Picture This: World Cup Flooding & Spectacular Lightning
Think you might have missed an awesome weather shot while you were busy watching the World Cup? Fear not, Climate Central has you covered. We’re rounding up the best weather and climate images from the week and giving you the story behind them. From Mother Nature’s best attempts to keep Cup fans from a match to a chart that illustrates just how bad California’s drought is, here are our six picks:
#SpaceVine is your new favorite hashtag. Eleven Vines have used it, though only one of them is actually from space. On Friday, Reid Wiseman, a flight engineer currently aboard the International Space Station, posted an out-of-this-world clip that shows lightning over Houston at night. If this clip is any indication, we hope Wiseman and his fellow ISS travelers take more ownership of #SpaceVine.
Flooding in Recife
And we have to include the major flooding in Recife, Brazil, caused by torrential rains that fell the morning of the crucial USA-Germany match. Nearly 3.5 inches of rain had fallen on the city by 9 a.m. local time on Thursday, and it was still coming down by match time. While the pitch was playable, fans had trouble getting to the stadium after the rains caused flooding in the streets. Luckily, American fan Teddy Goalsevelt took charge in forging the waters. We should warn him, though, that driving through floodwaters is a bad idea. As the U.S. National Weather Service advises: Turn Around, Don’t Drown!
If this image doesn’t convince you of the destructive power of even an EF1 tornado — the second lowest rating on the Enhanced-Fujita scale — we don’t know what will. The patio chair was reportedly thrown across the street and into the windshield of the car by the wild winds of a tornado that touched down in Amaranth, Ontario, which lies 90 miles to the northwest of Toronto. The tornado left a track more than 4 miles long and nearly 500 feet wide when it touched down at 3:30 p.m. ET on Tuesday, Environment Canada told CTV News in Toronto. The tornado was part of a line of thunderstorms that also spawned another EF-1 tornado near the town of New Tecumseth.
What a shot! Kevin Ambrose over at the Capital Weather Gang went into Washington, D.C., on Wednesday night hoping to get a nice picture of storms that were expected to develop. And boy, did he succeed. After the sun set, the storms began to brew and the skies opened up. Taking shelter in the Jefferson Memorial, Ambrose took a couple of snaps of lightning bolts, including the one in the background of the Washington Monument at 9:36 p.m. Nicely done, Kevin. Check out more of his, and others’, shots over at the CWG blog.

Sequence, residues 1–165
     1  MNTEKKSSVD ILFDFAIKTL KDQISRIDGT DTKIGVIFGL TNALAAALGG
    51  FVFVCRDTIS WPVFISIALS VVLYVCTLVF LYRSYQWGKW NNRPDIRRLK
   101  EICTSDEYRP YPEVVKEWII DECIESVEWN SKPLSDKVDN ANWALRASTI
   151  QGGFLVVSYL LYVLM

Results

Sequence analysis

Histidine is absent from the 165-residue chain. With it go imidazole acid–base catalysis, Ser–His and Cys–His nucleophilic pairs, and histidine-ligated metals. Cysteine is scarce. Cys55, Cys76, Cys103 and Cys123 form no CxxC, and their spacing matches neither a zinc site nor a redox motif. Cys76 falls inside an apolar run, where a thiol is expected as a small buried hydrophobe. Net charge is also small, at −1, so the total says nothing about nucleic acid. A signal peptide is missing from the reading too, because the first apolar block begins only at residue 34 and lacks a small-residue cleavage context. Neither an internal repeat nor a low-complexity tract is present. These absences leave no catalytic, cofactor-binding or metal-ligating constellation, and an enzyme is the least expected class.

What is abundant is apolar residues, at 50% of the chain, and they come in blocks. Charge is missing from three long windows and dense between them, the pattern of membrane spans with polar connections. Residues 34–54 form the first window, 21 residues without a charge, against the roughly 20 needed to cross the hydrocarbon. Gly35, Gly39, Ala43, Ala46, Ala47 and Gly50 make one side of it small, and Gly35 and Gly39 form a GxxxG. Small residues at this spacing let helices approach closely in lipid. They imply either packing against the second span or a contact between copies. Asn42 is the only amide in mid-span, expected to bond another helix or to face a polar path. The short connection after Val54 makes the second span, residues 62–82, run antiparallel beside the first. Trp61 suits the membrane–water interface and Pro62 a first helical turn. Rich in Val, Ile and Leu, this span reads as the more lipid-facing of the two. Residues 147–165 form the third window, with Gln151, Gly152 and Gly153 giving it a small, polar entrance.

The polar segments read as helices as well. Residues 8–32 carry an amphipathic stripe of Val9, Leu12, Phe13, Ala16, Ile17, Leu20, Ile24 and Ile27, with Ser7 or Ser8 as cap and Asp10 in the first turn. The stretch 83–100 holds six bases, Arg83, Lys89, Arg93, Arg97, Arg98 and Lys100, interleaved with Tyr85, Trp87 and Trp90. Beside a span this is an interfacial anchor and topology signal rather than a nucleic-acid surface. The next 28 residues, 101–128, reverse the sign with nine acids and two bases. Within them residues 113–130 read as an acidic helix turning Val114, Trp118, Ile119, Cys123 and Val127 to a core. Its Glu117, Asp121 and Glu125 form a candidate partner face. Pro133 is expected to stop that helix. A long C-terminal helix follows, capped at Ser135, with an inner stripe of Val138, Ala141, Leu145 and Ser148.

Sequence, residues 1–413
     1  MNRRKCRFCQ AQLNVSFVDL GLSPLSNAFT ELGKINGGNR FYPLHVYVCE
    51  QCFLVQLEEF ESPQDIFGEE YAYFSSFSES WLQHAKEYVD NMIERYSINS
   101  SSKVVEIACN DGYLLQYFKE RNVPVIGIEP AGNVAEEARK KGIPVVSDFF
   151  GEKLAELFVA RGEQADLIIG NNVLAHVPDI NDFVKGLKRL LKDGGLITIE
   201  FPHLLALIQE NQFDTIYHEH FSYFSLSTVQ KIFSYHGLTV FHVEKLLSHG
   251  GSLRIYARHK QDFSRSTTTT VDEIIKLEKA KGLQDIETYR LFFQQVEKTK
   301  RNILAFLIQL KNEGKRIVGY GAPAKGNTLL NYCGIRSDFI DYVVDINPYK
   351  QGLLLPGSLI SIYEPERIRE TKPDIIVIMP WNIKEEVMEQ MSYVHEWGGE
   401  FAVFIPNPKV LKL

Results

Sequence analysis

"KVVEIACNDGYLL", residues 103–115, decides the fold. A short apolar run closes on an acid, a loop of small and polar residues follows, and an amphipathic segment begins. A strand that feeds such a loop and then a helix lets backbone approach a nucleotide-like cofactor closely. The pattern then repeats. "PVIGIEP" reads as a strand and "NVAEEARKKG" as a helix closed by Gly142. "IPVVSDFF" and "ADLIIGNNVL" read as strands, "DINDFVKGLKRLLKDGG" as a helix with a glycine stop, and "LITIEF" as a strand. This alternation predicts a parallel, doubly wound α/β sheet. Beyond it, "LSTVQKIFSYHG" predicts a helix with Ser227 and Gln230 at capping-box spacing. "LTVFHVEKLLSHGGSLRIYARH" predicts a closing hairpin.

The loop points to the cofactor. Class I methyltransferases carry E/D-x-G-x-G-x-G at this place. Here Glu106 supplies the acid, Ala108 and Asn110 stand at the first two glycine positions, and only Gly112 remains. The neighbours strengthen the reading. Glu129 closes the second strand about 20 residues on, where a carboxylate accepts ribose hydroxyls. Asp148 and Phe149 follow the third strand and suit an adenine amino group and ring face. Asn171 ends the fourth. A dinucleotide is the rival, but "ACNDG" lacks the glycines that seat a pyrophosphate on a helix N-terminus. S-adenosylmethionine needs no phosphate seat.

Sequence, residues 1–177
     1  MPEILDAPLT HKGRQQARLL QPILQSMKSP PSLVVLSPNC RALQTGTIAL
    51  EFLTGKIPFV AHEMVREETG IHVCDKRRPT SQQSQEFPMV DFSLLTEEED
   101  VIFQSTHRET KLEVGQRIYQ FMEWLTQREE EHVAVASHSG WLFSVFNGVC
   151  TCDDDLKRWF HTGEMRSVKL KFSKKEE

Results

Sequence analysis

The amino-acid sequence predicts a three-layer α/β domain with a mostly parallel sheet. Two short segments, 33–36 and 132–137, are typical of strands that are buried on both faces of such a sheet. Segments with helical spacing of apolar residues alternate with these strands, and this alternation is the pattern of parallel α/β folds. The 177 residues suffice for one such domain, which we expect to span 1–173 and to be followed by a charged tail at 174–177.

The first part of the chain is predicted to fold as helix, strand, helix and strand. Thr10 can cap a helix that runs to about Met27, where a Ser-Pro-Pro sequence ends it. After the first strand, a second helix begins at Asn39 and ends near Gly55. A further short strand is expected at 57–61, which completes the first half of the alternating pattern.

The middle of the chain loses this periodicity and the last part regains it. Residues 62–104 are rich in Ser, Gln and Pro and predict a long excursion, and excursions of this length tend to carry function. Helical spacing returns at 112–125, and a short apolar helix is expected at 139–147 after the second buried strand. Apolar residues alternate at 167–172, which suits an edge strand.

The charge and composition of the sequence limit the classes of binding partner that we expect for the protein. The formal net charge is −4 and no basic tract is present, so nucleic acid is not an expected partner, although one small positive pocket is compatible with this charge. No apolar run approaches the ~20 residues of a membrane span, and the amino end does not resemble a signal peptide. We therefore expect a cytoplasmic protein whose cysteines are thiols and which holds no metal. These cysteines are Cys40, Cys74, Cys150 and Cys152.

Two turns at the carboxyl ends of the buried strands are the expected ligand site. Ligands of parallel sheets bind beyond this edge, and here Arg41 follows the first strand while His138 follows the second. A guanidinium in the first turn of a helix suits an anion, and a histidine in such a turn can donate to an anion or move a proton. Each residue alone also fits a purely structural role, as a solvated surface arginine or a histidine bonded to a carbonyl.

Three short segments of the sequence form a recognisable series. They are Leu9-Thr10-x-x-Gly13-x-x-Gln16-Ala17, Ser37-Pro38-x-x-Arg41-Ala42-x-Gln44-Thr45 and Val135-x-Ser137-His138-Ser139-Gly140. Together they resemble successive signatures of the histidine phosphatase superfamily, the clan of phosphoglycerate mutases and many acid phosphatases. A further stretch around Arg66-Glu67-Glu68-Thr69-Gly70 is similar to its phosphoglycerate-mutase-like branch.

Kevin Ambrose snapped this photo of a lightning strike over Washington, D.C., with the Washington Monument in the foreground as he took sheter from a downpour in the Jefferson Memorial.
Click image to enlarge. Credit: Kevin Ambrose
California Needs Rain
The drought that currently has California firmly in its grip has been three years in the making, but the 2013-2014 rain year has marked the time where it intensified deeply. One third of the state is now in the highest category of drought (“exceptional”) recognized by the U.S. Drought Monitor. In a June 19 press conference, Jake Crouch, a climate scientist with the National Climatic Data Center, told reporters that the drought was comparable to the one that affected the state in the late 1970s. This chart, tweeted by the National Weather Service office in Hanford, shows this quite starkly. The current rain year is neck-and-neck with that of 1976-1977 for the second-driest year on record (No. 1 is 1923-1924) since record-keeping began in 1895.
Cool East, Warm World
While 2014 has a shot at becoming the warmest year on record globally (or at least placing in the top 10), it’s been downright cool in the eastern half of the U.S. In fact, much of the eastern half of North America was one of the few colder-than-normal spots on the globe for the year so far. The cool conditions were fueled by the persistent southern plunging of the so-called polar vortex, which brought frigid Arctic air with it. The snow cover that was left in many places, along with record-setting ice on the Great Lakes, helped keep things cool into spring. The rest of the planet, and indeed, the western half of the U.S., baked. California had its warmest January-May on record, while the globe as a whole had its fifth warmest.
Brian Kahn contributed to this article.
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